Much like email, social media took the world by storm. However despite its popularity amongst consumers, even today social media is rarely well integrated into contact centres.

1999

to date

The innovation

The cloud

The adoption lag

Migration to the cloud has been surprisingly slow in the contact centre industry, but it’s fair to say it’s now mainstream. According to Cloud Industry Forum’s (CIF) latest research paper, 57% of organisations expect to have adopted cloud contact centre solutions by 2020.

1999 - 2020

21 years

The innovation

The internet of things (IoT)

The adoption lag

The concept behind the IoT has existed since the nineties but the full potential of a sensor-filled world is yet to be realised. Although the IoT has moved into our homes – see Amazon’s Dash buttons – its impact on the contact centre remains to be seen. However, Gartner predicts that by 2017, 5% of customer service cases will be autonomously initiated by connected devices.

2000

to date

The innovation

Voicemail

Netcall launched

The first voicemail system for mainstream market.

2004

to date

The innovation

Self service

Netcall launched

The first voice self-service solution in the NHS

2004

to date

The innovation

PBX independent ACD

Netcall launched

PBX independent ACD

2004 - 2020

16 years

The innovation

The universal queue

The adoption lag

The history of the universal queue may be cloudy but its future is almost certainly bright. According to a recent Dimension Data report, omnichannel is the most important trend for contact centre leaders. Without a universal queue, many businesses will struggle to create a seamless and connected customer journey.

2008

to date

The innovation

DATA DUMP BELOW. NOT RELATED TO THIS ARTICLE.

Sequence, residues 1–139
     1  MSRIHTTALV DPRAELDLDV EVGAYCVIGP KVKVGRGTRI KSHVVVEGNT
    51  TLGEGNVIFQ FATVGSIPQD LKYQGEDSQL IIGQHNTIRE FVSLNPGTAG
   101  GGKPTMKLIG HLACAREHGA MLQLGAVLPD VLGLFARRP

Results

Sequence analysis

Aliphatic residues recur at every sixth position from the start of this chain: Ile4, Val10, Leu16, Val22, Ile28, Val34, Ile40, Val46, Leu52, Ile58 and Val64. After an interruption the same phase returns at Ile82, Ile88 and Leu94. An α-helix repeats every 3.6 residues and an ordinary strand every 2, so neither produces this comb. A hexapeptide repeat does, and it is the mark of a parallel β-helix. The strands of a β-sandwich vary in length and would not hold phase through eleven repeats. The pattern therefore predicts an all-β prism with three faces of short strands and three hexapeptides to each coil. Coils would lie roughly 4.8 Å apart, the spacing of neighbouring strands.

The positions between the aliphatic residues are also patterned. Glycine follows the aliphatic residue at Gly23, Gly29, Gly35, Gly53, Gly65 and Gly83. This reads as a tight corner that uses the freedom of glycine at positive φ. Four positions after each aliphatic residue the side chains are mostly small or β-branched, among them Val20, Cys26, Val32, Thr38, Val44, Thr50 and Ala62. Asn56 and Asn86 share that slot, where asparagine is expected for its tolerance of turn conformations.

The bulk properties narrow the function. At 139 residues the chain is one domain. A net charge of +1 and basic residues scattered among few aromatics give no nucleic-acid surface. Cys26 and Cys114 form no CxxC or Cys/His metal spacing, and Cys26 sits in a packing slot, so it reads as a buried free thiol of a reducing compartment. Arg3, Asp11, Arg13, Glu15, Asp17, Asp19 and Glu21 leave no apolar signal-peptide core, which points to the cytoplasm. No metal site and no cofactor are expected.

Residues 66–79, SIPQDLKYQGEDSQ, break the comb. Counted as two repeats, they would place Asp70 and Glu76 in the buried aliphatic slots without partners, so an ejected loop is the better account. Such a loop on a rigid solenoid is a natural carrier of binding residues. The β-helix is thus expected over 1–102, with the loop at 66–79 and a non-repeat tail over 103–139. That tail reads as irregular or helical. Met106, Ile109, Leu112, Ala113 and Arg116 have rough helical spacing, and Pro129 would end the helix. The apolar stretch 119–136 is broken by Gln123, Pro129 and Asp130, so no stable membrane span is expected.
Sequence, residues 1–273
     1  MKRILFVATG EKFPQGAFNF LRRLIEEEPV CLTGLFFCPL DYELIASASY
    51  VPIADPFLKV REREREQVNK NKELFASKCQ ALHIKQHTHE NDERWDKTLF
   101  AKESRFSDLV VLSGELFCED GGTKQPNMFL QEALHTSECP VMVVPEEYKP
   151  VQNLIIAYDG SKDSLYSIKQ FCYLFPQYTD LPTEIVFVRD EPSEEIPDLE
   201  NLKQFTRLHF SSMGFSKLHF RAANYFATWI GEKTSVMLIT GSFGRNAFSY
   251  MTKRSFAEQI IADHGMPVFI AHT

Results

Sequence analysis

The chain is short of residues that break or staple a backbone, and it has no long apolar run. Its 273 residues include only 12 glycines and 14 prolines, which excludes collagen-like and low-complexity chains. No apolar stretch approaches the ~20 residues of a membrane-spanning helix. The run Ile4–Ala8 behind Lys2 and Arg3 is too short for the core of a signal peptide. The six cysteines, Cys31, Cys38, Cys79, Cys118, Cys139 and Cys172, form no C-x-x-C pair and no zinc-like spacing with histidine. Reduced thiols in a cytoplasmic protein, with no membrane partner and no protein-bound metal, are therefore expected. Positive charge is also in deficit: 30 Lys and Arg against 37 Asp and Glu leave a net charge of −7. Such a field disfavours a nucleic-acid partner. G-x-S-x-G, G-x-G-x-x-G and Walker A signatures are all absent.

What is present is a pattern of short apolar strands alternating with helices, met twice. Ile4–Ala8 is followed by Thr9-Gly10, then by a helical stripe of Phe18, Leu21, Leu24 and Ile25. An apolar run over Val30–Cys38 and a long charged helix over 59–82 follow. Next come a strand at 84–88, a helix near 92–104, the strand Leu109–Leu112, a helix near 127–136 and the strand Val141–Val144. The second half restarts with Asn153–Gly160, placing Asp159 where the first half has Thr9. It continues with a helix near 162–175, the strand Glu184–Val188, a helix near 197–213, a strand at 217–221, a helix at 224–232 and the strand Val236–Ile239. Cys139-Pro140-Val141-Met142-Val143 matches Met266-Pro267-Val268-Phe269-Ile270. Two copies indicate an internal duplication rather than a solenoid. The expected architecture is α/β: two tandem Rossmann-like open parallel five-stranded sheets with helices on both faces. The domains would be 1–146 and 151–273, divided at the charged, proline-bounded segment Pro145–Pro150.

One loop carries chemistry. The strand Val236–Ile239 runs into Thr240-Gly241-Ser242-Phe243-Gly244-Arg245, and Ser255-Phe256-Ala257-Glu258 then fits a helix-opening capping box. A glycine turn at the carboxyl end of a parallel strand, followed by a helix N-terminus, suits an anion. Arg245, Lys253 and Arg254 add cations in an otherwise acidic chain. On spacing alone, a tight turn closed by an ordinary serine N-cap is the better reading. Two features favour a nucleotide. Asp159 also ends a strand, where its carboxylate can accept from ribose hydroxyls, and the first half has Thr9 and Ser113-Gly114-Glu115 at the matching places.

Automated agent suite

Netcall launches

Automated agent suite into UK
councils

2008 - 2014

6 years

The innovation

Dedicated mobile apps

The adoption lag

It took six years for brands to turn smartphone and tablet applications into a new customer services channel. Developing custom applications is now the norm and tech titans are now releasing specialised apps for brand / customer communications. Take a look at Facebook’s Messenger for businesses.

2010 - 2025

15 years

The innovation

Conversational interactions

The adoption lag

Natural language interfaces have come of age. Voice recognition and deep learning technologies, like Amazing Lex, are now being integrated into chatbot applications, enabling them to interact with customers verbally. Grandview Research expects the market to be worth $127 billion by 2024.

finish

Do you have ambitious visions for your contact centre? Are you driven to push the boundaries of CX?

Let us help.

Netcall is a leading provider of end-to-end customer engagement solutions. Our mission is to transform the way our clients interact with customers. We help deliver a seamless and exceptional customer experience across all channels. Our solutions help our customers work smarter, gain competitive advantage and lower costs.

All of our solutions are secure, flexible and best-in-class. They’re easy to implement and simple to use.